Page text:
The IIM-B interview was the first ‘Big’ interview; and it hit me hard. It was so loud and angry, everyone outside could hear what was going on. I needed to compose myself after it as it had left me numb. IIM-A was much better as I was numb and it worked for me.

There was a 10 minute writing task on the topic, “Media & its social responsibility”. I managed 300 words in 10 minutes (3 paragraphs). Always keep a 3 minute margin for yourself to wind up. Don’t leave the assignment incomplete. [I remember I had left the Shillong essay incomplete. It was my first interview so I thought of it as a practice interview. Similarly, Kozhikode had a 40 minute writing assignment. They provided us with 20 pages to write or draw whatever we wanted on the topic. I’m sorry I can’t remember the topic right now, but I remember I didn’t fill all the pages.]

Moreover, we were supposed to carry with us to the interview a pre-written essay in our downloaded application form. It was a 250 word essay on the topic, “What is the biggest problem India is facing today, and how would you contribute to the solution”.

The Interview was good. Again, I was 2nd in line for the interview. They peacefully asked me to sit (In the IIM-B interview, they intentionally tried to intensify the atmosphere). They asked me about my project in depth. They probed all the way down to the basics. I answered successfully. They assumed I wanted to make a career in Biotech from my profile. I corrected them, saying I was not interested in that field although there was nothing wrong with it.

Then they tested my Math. They asked me questions on Sets, Functions and Relations. I answered them successfully.

They asked me a question on Graph Theory. I told them I had never studied graph theory, hence, unable to answer.

Then they moved on to my extracurricular activities: Music, etc. They were particularly interested in the fact that I was on a delegation to Pakistan. They asked me about the cultural differences between India and Pakistan. I answered all questions successfully.

It was a 30 minute interview, and a polite one at that.


IIM – Calcutta Interview:

I was a little jittery on the day of this interview, but I wasn’t scared.

First up, we had an eleven member Group Discussion on the topic, “It is still harder for women to climb high up the corporate ladder at higher positions”. The GD lasted for 15 minutes. I wasn’t able to start the discussion. It was really crowded and with a few, very polished speakers. I could tell they were better than me. Although I did speak 4 or 5 times, their presence was felt more. So it was an average performance.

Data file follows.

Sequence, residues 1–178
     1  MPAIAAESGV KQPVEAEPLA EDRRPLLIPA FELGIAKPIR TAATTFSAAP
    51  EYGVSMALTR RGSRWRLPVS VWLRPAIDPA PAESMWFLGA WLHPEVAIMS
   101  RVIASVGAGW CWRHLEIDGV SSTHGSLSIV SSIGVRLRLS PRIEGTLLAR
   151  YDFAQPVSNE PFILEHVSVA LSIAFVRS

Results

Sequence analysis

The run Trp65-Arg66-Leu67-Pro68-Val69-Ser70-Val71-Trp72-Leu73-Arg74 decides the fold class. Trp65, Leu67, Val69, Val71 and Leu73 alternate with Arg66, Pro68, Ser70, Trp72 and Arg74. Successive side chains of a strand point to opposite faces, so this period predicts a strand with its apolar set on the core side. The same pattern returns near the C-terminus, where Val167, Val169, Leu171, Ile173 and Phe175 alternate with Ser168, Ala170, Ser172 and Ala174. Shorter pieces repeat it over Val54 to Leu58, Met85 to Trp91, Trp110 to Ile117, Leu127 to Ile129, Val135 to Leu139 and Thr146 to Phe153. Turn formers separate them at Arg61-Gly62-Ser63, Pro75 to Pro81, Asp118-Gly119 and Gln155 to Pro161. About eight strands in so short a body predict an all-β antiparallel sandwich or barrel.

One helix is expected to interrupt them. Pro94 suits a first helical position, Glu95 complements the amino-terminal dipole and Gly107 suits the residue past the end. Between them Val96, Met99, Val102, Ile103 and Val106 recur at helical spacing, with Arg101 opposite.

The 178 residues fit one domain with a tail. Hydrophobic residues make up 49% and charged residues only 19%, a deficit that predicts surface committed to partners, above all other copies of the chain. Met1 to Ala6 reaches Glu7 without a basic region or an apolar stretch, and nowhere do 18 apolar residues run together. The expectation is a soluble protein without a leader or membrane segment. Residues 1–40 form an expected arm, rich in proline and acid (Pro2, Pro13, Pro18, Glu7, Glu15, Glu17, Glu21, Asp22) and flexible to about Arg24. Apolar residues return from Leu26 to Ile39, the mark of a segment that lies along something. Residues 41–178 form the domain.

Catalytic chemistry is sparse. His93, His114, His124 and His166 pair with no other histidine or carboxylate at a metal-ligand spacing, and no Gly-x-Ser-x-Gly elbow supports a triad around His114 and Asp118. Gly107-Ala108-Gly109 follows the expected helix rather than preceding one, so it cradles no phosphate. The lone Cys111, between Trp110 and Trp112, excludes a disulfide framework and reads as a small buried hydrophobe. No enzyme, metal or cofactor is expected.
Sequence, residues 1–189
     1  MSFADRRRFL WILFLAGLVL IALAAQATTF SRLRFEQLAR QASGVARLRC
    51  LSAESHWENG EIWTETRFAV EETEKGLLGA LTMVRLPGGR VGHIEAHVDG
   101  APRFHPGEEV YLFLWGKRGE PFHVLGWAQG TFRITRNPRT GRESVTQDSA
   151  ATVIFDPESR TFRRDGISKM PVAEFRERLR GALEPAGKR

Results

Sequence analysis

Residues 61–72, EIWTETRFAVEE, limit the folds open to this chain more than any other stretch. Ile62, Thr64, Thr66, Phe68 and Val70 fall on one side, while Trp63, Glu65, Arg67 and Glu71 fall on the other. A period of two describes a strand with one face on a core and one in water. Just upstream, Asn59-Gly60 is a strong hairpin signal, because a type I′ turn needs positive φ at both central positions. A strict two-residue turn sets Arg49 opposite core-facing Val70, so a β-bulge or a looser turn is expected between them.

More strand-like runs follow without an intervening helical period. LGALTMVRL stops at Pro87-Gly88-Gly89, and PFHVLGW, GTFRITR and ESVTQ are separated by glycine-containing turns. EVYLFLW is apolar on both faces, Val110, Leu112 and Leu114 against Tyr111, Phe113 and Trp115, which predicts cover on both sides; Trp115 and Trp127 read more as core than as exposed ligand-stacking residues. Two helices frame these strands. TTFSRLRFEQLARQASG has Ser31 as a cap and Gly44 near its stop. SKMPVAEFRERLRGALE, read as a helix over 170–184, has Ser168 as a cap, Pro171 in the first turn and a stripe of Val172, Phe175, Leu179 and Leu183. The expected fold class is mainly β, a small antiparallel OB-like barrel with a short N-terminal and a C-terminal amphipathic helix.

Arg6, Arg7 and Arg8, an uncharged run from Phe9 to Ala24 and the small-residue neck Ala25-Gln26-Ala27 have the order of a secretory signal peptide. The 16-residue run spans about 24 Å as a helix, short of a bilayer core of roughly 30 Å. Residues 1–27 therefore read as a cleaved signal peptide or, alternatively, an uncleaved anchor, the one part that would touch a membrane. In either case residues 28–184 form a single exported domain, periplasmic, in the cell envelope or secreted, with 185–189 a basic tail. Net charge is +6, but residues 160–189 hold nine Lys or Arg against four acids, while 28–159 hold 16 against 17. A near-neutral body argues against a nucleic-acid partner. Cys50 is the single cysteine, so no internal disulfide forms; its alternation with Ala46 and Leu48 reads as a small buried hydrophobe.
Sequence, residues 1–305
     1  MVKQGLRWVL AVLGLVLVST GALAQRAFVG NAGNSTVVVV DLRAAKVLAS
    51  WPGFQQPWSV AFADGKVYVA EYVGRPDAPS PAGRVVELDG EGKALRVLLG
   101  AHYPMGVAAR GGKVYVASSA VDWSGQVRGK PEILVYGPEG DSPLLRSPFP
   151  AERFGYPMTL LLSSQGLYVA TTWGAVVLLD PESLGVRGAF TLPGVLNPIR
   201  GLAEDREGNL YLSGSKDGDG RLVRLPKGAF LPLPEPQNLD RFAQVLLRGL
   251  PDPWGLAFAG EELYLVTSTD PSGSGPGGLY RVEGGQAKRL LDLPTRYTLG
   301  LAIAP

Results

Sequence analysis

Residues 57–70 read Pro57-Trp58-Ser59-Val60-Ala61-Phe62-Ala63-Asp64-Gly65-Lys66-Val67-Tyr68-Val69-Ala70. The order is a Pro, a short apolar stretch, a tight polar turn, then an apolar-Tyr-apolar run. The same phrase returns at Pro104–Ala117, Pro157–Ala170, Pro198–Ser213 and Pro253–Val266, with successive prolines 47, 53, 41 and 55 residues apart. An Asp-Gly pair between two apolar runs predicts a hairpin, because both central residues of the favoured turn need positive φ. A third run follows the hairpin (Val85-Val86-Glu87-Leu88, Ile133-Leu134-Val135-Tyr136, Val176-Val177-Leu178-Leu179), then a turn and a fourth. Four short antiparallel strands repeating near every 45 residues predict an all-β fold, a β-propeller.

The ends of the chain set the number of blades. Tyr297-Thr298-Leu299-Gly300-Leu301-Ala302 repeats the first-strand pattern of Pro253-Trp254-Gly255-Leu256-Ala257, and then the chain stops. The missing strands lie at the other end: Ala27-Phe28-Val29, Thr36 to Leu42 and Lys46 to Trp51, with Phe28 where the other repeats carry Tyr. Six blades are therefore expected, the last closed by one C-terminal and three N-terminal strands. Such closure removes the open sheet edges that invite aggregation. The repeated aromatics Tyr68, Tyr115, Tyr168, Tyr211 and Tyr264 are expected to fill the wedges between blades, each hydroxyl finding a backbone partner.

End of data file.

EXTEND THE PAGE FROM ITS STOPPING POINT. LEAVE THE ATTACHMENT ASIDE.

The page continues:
This time I was 2nd last for the interview. It was a short interview. The interviewers asked me random questions. It felt as though they wanted to chat with us. They asked me about my hobbies and extracurricular activities. They asked me about my interest in Music and even asked me to sing a song for them. I sang ‘Rolling in the deep’ by Adele.

They asked me which newspapers I read, and asked me about the differences between them.

The Railway Budget was out that very day itself, and I had made it a point to go through it before the interview. As expected, they asked me questions about the budget, to which I answered successfully.

There were no ‘technical’ questions on academics.

These were my experiences at the IIM – A, B & C interviews!




I: Finally, what were the costs you incurred during your CAT preparation?


  • Tuition at Areté: Rs. 12,000/- (without study material)
  • CAT Form: Rs. 1500/-
  • Test Series:
    • Time: Rs. 1500/-
    • CL: Rs. 3000/-
  • Travel Expenses during Interviews based on actual.

Grand Total: Rs. 18,000/- approximately.




In conclusion, I’d like to thank Vasudha on behalf of the entire Areté community and our subscribers for sharing with us those valuable insights. We wish her all the best for her future; and hope to have her in our midst again in the near future!


Thank you.






5 Responses to “The Journey from IIT Roorkee to IIM Ahmedabad: A Personal Account”

  1. Amazing Interview….
    Rather inspiring I must say 🙂

    Posted by Yash Gupta | June 24, 2012, 1:58 pm
  2. Really helpful interview. Very well transcribed and pretty exhaustive. Thank you for this!

    Posted by Saarthak Puri | June 24, 2012, 2:46 pm
  3. its good to see one more IITR student at IIMA, hope you will follow ur passion, and integrate music and business.

    Posted by Vikas Ranga | June 24, 2012, 5:17 pm
  4. Its always nice to read experiences. Thank you!

    Posted by Pawan seerwani | June 25, 2012, 5:00 am
  5. Nice. Great Interview !!

    Posted by Harpreet Monga | June 25, 2012, 7:17 am

Post a comment